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27
Modular Data Structure Verification
 EECS DEPARTMENT, MASSACHUSETTS INSTITUTE OF TECHNOLOGY
, 2007
"... This dissertation describes an approach for automatically verifying data structures, focusing on techniques for automatically proving formulas that arise in such verification. I have implemented this approach with my colleagues in a verification system called Jahob. Jahob verifies properties of Java ..."
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Cited by 44 (21 self)
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This dissertation describes an approach for automatically verifying data structures, focusing on techniques for automatically proving formulas that arise in such verification. I have implemented this approach with my colleagues in a verification system called Jahob. Jahob verifies properties of Java programs with dynamically allocated data structures. Developers write Jahob specifications in classical higherorder logic (HOL); Jahob reduces the verification problem to deciding the validity of HOL formulas. I present a new method for proving HOL formulas by combining automated reasoning techniques. My method consists of 1) splitting formulas into individual HOL conjuncts, 2) soundly approximating each HOL conjunct with a formula in a more tractable fragment and 3) proving the resulting approximation using a decision procedure or a theorem prover. I present three concrete logics; for each logic I show how to use it to approximate HOL formulas, and how to decide the validity of formulas in this logic. First, I present an approximation of HOL based on a translation to firstorder logic, which enables the use of existing resolutionbased theorem provers. Second, I present an approximation of HOL based on field constraint analysis, a new technique that enables
Decision procedures for algebraic data types with abstractions
 IN 37TH ACM SIGACTSIGPLAN SYMPOSIUM ON PRINCIPLES OF PROGRAMMING LANGUAGES (POPL), 2010. DECISION PROCEDURES FOR ORDERED COLLECTIONS 15 SHE75. SAHARON SHELAH. THE MONADIC THEORY OF ORDER. THA ANNALS OF MATHEMATICS OF MATHEMATICS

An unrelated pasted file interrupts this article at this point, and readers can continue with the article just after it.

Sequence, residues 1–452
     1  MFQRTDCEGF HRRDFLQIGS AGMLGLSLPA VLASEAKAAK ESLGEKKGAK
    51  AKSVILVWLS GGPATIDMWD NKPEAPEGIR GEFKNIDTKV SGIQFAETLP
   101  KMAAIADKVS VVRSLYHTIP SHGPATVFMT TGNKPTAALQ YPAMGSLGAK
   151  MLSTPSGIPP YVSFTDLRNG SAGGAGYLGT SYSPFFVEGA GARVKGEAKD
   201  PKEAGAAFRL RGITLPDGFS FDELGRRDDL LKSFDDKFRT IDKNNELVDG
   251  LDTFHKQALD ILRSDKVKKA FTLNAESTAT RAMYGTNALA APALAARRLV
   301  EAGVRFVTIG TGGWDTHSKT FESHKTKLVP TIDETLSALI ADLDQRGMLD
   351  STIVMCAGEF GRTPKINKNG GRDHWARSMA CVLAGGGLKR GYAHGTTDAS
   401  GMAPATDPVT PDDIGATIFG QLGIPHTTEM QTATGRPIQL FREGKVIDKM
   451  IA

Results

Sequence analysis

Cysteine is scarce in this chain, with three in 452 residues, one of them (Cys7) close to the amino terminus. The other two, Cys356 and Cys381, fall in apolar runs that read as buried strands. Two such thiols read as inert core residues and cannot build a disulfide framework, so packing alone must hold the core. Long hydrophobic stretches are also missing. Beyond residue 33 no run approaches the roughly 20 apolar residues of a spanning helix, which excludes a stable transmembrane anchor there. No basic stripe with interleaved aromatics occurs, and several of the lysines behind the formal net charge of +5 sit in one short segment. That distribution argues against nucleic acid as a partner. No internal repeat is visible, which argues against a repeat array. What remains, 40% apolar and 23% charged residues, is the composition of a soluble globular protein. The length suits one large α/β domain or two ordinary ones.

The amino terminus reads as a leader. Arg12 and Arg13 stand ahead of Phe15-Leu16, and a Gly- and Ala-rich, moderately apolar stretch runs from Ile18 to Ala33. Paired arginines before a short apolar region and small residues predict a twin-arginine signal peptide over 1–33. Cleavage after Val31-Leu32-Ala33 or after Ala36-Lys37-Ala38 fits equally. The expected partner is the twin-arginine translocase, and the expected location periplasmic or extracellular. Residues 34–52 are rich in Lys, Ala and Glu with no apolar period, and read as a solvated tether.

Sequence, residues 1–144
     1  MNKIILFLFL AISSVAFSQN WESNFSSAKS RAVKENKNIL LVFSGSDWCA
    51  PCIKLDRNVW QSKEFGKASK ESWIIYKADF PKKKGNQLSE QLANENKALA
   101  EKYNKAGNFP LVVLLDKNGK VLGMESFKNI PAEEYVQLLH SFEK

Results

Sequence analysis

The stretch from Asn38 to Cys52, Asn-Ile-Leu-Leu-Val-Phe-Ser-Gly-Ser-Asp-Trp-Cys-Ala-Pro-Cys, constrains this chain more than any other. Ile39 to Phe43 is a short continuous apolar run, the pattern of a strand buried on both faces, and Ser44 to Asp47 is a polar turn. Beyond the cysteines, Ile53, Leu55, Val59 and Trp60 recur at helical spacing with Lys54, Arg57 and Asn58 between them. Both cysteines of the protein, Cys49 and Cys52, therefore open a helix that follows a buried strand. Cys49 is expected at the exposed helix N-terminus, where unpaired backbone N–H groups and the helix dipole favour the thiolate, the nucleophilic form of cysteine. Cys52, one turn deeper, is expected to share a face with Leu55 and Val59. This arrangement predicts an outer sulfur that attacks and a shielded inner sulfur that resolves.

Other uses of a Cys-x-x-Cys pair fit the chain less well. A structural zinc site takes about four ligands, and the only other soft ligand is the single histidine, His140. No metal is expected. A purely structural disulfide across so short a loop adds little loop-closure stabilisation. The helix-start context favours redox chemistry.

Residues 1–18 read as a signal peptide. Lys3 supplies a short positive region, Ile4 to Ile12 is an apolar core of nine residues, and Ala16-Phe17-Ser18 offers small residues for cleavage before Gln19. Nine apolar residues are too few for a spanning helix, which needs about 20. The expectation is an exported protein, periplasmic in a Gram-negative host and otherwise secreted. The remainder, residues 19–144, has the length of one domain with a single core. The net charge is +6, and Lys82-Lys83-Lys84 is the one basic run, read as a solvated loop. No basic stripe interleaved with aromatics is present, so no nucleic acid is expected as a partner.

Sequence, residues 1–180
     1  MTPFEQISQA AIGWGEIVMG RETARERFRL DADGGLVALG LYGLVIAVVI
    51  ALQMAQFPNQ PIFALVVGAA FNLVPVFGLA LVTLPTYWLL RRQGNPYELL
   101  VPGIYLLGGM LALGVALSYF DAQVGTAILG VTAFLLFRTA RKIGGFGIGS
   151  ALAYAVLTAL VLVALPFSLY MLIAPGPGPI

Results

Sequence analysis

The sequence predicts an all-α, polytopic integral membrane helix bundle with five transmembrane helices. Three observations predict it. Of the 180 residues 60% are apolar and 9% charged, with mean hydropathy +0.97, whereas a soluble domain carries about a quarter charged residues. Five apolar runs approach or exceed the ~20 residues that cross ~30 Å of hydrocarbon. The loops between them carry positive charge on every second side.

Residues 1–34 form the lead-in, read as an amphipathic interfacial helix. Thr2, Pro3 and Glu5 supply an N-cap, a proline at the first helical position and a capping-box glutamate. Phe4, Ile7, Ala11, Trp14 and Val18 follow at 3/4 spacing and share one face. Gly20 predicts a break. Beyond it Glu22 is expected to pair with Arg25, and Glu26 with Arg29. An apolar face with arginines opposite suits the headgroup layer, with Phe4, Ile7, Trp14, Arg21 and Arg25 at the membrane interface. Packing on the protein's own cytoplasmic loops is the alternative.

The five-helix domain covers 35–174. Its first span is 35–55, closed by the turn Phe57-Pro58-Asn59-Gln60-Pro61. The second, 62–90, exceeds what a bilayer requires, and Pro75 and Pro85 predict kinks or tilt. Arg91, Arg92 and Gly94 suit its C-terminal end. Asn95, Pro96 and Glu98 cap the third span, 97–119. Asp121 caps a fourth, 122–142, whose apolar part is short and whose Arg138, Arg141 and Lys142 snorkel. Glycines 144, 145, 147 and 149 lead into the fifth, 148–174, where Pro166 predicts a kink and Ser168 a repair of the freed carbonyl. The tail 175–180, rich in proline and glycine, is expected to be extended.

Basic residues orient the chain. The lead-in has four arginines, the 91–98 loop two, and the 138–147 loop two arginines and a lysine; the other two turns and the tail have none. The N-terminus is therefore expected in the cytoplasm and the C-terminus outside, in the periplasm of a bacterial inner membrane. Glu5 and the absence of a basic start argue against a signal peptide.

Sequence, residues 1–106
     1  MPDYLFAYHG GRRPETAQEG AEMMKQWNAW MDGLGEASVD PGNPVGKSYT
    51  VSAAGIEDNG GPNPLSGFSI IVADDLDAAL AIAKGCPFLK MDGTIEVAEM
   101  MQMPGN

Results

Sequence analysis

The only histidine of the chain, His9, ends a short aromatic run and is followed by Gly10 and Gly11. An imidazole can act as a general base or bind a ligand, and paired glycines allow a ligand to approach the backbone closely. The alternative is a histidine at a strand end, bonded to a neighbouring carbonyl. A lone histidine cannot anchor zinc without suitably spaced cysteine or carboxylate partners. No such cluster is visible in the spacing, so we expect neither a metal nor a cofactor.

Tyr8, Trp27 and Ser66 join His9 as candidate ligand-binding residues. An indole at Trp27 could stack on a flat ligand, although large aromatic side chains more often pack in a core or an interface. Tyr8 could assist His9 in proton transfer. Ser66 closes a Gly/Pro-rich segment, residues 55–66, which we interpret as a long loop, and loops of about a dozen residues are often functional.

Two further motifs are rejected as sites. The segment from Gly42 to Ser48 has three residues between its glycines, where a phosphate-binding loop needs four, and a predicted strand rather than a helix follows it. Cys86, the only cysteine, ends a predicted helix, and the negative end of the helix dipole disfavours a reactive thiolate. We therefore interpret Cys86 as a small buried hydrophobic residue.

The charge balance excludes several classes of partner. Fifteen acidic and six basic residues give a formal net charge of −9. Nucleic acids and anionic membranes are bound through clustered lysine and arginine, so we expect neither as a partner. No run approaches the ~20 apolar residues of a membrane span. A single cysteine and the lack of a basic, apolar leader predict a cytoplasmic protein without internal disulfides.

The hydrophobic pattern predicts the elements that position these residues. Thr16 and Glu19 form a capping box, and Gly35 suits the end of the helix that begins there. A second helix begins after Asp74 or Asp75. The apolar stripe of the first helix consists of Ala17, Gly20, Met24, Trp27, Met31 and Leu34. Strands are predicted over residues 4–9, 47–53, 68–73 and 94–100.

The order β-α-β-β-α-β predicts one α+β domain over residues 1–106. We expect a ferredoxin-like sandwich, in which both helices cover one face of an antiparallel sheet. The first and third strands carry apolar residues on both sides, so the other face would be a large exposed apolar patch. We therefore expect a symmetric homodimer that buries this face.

, 2010
"... We describe a family of decision procedures that extend the decision procedure for quantifierfree constraints on recursive algebraic data types (term algebras) to support recursive abstraction functions. Our abstraction functions are catamorphisms (term algebra homomorphisms) mapping algebraic data ..."
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Cited by 36 (15 self)
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We describe a family of decision procedures that extend the decision procedure for quantifierfree constraints on recursive algebraic data types (term algebras) to support recursive abstraction functions. Our abstraction functions are catamorphisms (term algebra homomorphisms) mapping algebraic data type values into values in other decidable theories (e.g. sets, multisets, lists, integers, booleans). Each instance of our decision procedure family is sound; we identify a widely applicable manytoone condition on abstraction functions that implies the completeness. Complete instances of our decision procedure include the following correctness statements: 1) a functional data structure implementation satisfies a recursively specified invariant, 2) such data structure conforms to a contract given in terms of sets, multisets, lists, sizes, or heights, 3) a transformation of a formula (or lambda term) abstract syntax tree changes the set of free variables in the specified way.
Deciding Boolean Algebra with Presburger Arithmetic
 J. of Automated Reasoning
"... Abstract. We describe an algorithm for deciding the firstorder multisorted theory BAPA, which combines 1) Boolean algebras of sets of uninterpreted elements (BA) and 2) Presburger arithmetic operations (PA). BAPA can express the relationship between integer variables and cardinalities of unbounded ..."
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Cited by 35 (27 self)